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Indian rupee to US dollar: 12 Indian, global points to watch as Iraq crisis hits

Jun 14 2014, 17:05 IST
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For most part of last week, Indian rupee was caught within a tight range of 59.10/20 and 59.40 on spot. Reuters For most part of last week, Indian rupee was caught within a tight range of 59.10/20 and 59.40 on spot. Reuters
SummaryThe Indian rupee to US dollar situation changed quite drastically last Friday.

For most part of last week, Indian rupee was caught within a tight range of 59.10/20 and 59.40 on spot. Lack of triggers, domestic and foreign, kept the pair bracketed. Monsoon worries on one hand and promise of future growth on the other, gave little to chew for the large traders.

However, situation changed quite drastically last Friday, when rising tensions in Iraq, where near civil war situation prevails, caused oil prices to reach 9-month high. Higher oil prices and fear of contagion in Middle East, caused a sell-off across the global markets, starting with Asia and then emerging markets.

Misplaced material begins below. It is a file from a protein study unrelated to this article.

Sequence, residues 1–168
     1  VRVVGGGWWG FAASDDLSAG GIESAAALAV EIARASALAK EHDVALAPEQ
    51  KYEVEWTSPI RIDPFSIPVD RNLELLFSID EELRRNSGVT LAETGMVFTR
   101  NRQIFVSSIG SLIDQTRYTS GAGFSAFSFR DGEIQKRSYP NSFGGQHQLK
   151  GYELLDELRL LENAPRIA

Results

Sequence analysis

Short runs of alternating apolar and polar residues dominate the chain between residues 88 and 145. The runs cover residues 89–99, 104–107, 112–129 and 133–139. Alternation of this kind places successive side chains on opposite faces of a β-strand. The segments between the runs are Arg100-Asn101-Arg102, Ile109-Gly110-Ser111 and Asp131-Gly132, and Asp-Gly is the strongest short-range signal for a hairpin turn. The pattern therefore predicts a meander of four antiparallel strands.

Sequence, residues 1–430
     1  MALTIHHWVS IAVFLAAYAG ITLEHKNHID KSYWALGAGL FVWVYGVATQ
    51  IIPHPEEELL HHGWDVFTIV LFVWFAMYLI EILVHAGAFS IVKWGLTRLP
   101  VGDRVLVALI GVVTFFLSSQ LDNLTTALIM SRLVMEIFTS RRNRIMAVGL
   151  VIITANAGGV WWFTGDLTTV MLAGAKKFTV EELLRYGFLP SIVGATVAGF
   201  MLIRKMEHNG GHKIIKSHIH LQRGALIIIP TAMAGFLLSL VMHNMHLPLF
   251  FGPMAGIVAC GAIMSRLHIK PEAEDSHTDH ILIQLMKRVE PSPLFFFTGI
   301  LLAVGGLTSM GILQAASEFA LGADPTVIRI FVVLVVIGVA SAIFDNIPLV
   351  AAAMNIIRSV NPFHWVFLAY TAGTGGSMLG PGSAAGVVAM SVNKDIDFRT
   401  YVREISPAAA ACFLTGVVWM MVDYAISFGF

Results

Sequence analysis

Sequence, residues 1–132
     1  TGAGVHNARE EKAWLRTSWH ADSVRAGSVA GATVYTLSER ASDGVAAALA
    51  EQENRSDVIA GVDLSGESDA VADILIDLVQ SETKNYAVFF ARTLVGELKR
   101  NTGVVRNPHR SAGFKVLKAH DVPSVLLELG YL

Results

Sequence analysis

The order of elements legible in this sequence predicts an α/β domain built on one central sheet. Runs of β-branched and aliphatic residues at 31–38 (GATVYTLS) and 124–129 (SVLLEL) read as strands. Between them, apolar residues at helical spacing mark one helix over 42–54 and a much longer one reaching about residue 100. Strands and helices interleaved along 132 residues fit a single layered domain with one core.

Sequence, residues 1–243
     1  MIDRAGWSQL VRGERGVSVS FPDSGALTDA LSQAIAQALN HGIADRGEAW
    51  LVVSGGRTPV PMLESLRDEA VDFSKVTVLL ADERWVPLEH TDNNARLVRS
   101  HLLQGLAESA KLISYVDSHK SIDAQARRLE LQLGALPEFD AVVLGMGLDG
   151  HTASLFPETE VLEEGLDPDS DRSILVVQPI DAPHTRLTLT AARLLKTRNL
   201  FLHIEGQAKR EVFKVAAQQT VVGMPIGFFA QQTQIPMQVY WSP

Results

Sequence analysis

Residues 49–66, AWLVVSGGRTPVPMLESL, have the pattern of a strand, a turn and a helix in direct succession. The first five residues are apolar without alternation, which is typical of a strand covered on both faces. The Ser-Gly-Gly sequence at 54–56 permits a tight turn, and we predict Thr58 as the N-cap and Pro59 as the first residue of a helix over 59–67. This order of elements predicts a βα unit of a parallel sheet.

Indian stock markets dropped nearly 1.5% with high beta stocks falling between 5-10%. Indian rupee could not hold its ground either, as large buy orders were triggered once Indian rupee traded above 59.50 against the US dollar levels on spot. The pair traded all the way up to 59.78/80 levels, before settling around 59.74/75 levels on spot. Large option sellers were heard to have been buyers of futures/forwards, as many of them were caught on the wrong side of the Gamma Trade. Globally US dollar was bid, as the pair gained against almost all major currencies.

Indian economic data was better than expected as industrial production data for April showed some promise and retail inflation ticked lower.

WHAT TO WATCH: Going ahead, investors will keep a close eye on the Indian government's effort at following:

(i) tackling stressed assets in banking sector

(ii) policies that help in effective and transparent governance

(iii) financial sector policies

(iv) efforts to kick start investment cycle

(v) change of the quality of fiscal expenditure to make it more capital generating than demand augmenting, which in turn will be disinflationary

(vi) progress of the monsoon.

In global markets, we need to keep an eye on oil prices, which remains hostage to developments in Iraq. An escalation in hostilities can cause spike in oil prices, which then will be a short term negative for the Indian Rupee. Next week, in the global economy a number of key economic events are scheduled and we need to keep an eye on them:

(i) US industrial production data and business sentiment surveys

(ii) US housing data

(iii) US central bank's monetary policy

(iv) German business sentiment survey

(v) minutes of Bank of England's last monetary policy.

OUTLOOK: Over the next week, Indian rupee against the US dollar is expected to face strong resistance

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